Hey, Texplainer: What’s a “point of order,” and can lawmakers use it to stall legislation?
A point of order is a parliamentary action that points out a violation of the House rules. It is the House speaker's responsibility to ensure that the rules are enforced, but the point of order allows legislators to interject and declare a violation that has been overlooked.
Once declared, a point of order takes precedent on the floor, and the speaker must decide whether there has been a violation before continuing. If the speaker overrules a point of order, business continues as usual.
If the speaker agrees that a rules violation has occurred, then the point of order is sustained, which can delay the passage of a bill until the error is fixed. That's what happened to the voter ID bill in the House on Monday. Because the speaker sustained the point of order raised by Rep. Armando Martinez, D-Weslaco, which called attention to the difference in language used in the bill analysis versus the actual bill, the voter ID bill was sent back to committee to clarify the language. Because a bill cannot be taken up by the House until 36 hours after it has been voted out of committee, the point of order delayed the House vote on voter ID until Wednesday.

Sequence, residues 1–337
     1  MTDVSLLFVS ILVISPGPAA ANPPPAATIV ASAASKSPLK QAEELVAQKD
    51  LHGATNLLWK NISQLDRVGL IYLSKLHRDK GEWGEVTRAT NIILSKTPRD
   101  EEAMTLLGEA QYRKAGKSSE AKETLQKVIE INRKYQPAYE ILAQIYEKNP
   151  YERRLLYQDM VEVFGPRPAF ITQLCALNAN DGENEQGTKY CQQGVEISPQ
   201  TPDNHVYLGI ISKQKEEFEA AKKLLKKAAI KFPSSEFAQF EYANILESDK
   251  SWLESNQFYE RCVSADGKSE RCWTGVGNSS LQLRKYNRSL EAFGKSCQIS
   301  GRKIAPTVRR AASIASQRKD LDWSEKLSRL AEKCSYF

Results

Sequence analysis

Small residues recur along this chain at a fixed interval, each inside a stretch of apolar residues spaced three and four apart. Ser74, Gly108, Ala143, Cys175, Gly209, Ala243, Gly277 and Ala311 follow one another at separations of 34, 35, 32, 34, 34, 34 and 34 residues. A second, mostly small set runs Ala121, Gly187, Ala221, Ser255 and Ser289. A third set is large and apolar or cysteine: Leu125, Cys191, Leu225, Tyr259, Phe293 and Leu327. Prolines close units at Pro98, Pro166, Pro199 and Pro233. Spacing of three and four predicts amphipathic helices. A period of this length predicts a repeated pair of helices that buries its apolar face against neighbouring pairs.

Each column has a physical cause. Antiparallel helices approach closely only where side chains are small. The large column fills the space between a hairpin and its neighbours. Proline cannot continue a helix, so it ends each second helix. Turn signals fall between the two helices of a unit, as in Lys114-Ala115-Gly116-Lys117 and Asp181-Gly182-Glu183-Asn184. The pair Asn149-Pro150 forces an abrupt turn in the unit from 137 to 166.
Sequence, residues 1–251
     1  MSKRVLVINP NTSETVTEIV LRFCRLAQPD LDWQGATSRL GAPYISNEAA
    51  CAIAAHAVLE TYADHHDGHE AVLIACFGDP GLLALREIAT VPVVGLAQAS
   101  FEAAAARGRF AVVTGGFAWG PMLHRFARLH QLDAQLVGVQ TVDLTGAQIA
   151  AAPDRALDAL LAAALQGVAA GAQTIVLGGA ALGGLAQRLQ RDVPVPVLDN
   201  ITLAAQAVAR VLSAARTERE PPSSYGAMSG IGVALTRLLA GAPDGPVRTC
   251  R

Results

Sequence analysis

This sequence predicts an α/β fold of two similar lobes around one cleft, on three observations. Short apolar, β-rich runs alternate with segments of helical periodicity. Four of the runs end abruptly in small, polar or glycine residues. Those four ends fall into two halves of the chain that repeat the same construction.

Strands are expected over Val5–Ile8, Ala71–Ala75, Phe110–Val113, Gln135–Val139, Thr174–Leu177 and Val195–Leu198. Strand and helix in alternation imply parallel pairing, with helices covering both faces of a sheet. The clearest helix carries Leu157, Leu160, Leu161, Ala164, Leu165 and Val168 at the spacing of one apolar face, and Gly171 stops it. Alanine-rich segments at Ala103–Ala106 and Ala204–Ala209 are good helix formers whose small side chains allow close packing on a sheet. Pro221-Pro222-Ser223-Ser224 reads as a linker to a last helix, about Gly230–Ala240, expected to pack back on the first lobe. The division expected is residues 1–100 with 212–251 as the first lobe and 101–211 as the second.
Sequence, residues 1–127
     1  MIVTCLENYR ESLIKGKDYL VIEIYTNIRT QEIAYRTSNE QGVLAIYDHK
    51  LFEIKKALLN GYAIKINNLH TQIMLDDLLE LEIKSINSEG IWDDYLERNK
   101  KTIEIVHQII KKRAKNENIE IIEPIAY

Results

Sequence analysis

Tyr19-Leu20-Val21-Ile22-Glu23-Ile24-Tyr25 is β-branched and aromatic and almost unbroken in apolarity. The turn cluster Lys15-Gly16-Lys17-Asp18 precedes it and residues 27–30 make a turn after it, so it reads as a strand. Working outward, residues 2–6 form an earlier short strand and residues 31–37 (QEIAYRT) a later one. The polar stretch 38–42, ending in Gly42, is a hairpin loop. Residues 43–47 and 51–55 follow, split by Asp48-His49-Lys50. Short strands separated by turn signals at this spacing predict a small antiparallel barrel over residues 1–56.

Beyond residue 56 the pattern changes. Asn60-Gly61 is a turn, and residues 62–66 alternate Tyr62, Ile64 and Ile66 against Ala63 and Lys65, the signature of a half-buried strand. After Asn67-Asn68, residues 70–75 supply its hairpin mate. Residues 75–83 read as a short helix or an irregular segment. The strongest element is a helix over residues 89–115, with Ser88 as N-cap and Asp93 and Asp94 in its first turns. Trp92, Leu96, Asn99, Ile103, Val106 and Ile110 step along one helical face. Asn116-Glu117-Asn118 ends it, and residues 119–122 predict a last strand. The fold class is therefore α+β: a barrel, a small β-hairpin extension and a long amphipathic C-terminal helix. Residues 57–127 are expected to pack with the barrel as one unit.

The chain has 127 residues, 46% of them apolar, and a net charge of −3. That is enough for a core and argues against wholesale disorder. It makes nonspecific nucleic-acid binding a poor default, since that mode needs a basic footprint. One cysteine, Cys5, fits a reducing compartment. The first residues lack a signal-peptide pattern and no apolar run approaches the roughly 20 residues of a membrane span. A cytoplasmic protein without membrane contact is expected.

A point of order can potentially stall the process for longer. Debate on a point of order can potentially continue indefinitely, preventing any debate on the merits of the legislation. And points of order can apply to any parliamentary rule, which creates a vast number of potential opportunities to stall legislation.
On very rare occasions, a point of order can kill a bill — for example, if it calls attention to the lack of an enacting clause. The Texas Constitution requires all legislation to begin with the words "be it enacted." If a representative notices these words are missing and alerts the speaker with a point of order, the bill will die. Usually these types of errors are caught before it hits the floor. The potential deadliness of points of order increases as the end of the session approaches and lawmakers face deadlines for getting their bills through the process. If a point of order requires a bill to be sent back to committee to be fixed but the deadline to get bills out of committee has already passed, that one is toast.
Bottom line: Calling a point of order is a parliamentary delay tactic, but it can be a deadly one.
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